Monday, December 21, 2009

Party leaders to debate on television: Bad for the Lib Dems?

Back in September I posted some reasons why I was less than enthusiastic about the prospect of televised debates between the party leaders at the next general election.

News has come today that those debates are indeed to take place: I see no reason to change what I wrote then, though "We should not assume that televised debates will be good for the Liberal Democrats" would be a more accurate, but less arresting, headline.

Considering the question in less partisan terms than I did in September, it strikes me that these debates will accelerate the trend towards a more presidential system here in Britain. For that reason, I do not welcome the development.

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6 comments:

momentsofc said...

I share your concerns in some ways; not so much about Presidentialism (id quite like to see the back of the monarchy) but the general trend to Americanisation is indeed a little disturbing....

Tim Roll-Pickering said...

People constantly talk about leader debates as though they're just an American concept from a Presidential system. But are countries like Canada, Australia, New Zealand, Ireland, Germany, Poland, Spain or Sweden (all parliamentary democracies) any more "presidential" because they regularly have leader debates in their elections? The Swedes have had these sorts of debates (first on radio) since the 1930s!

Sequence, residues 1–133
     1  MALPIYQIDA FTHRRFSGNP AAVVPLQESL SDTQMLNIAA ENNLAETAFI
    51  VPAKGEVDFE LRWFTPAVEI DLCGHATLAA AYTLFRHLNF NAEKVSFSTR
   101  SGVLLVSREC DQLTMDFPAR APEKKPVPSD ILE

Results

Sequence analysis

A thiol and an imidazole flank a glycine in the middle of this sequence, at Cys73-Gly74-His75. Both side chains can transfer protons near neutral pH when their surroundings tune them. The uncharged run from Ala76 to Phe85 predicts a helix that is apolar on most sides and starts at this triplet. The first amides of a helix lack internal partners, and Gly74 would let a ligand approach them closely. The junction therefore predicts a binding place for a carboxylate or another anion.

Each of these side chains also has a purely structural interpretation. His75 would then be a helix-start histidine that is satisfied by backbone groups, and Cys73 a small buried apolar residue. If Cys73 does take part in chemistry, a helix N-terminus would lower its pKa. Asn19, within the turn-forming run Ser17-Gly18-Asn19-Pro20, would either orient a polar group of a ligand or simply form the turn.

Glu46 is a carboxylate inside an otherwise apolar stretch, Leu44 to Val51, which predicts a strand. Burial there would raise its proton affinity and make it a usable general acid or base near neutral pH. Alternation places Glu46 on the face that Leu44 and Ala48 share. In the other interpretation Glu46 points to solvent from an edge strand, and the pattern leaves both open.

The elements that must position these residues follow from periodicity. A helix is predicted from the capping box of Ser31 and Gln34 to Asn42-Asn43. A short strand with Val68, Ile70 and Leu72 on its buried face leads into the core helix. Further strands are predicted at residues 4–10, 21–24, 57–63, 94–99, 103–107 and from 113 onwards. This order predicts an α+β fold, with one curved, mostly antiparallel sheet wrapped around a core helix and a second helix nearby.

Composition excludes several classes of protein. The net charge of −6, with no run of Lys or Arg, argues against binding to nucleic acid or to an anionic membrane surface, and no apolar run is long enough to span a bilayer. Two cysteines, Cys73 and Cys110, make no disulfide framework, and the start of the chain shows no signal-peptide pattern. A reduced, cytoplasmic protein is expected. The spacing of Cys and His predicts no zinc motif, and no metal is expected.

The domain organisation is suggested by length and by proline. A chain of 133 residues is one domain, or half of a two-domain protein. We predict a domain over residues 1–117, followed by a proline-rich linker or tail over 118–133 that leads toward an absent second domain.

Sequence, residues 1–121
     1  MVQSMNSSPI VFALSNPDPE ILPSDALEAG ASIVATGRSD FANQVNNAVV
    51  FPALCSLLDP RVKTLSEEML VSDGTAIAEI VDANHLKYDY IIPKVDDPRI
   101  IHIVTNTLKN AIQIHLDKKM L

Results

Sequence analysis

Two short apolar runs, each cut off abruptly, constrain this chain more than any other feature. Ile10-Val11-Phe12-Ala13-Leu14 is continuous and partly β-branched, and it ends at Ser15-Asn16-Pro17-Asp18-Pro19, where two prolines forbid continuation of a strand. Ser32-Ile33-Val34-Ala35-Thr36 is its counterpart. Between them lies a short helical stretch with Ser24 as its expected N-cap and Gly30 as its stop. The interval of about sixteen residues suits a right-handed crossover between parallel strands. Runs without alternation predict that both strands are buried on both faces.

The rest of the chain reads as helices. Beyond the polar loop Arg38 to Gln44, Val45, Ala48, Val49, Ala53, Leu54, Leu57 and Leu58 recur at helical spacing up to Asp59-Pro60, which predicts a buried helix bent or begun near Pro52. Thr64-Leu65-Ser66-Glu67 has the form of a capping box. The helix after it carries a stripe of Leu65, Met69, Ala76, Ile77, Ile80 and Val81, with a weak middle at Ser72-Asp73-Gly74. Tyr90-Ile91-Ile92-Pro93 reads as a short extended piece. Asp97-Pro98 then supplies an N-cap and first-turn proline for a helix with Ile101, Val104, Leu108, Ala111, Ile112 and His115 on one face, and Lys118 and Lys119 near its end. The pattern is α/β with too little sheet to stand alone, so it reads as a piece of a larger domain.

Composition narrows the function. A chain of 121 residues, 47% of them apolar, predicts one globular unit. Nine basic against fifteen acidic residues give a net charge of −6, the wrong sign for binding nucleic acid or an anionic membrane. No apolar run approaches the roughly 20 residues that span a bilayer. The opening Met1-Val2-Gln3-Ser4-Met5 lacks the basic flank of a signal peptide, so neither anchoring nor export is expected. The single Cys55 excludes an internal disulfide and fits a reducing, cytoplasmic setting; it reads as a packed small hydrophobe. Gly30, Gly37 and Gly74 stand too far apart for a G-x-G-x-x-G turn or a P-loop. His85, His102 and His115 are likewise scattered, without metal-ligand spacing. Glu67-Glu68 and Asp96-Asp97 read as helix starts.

Dimoto said...

I share your concern, but mainly because it will lead to even more trivialisation - most journos are already comparing the debates to X-factor and Strictly Come Dancing.
The (manipulated) press will decide who wins the debates, NOT vox populi. I bet Alastair Campbell is already briefing journos how they should spin the debates.

Jason O'Mahony said...

In Ireland, where we have had debates between the two candidates for Taoiseach, they have tended to be damp squibs, save for the last one, where the leader of the opposition performed so shockingly badly he almost certainly helped his party lose. They do tend to reveal whether there is any intellectual substance to a leader, whether they are in control of their brief, and like PMQs, spoofers can be found out quite quickly. It's vital that the person chairing the debate doesn't take nonsense from the candidates, though, and doesn't accept pre-baked answers.

Frank H Little said...

Quite agree. One more nail in the coffin of representative democracy.

Tim Roll-Pickering said...

I think that argument was lost when Peel issued the Tamworth Manifesto to the nation.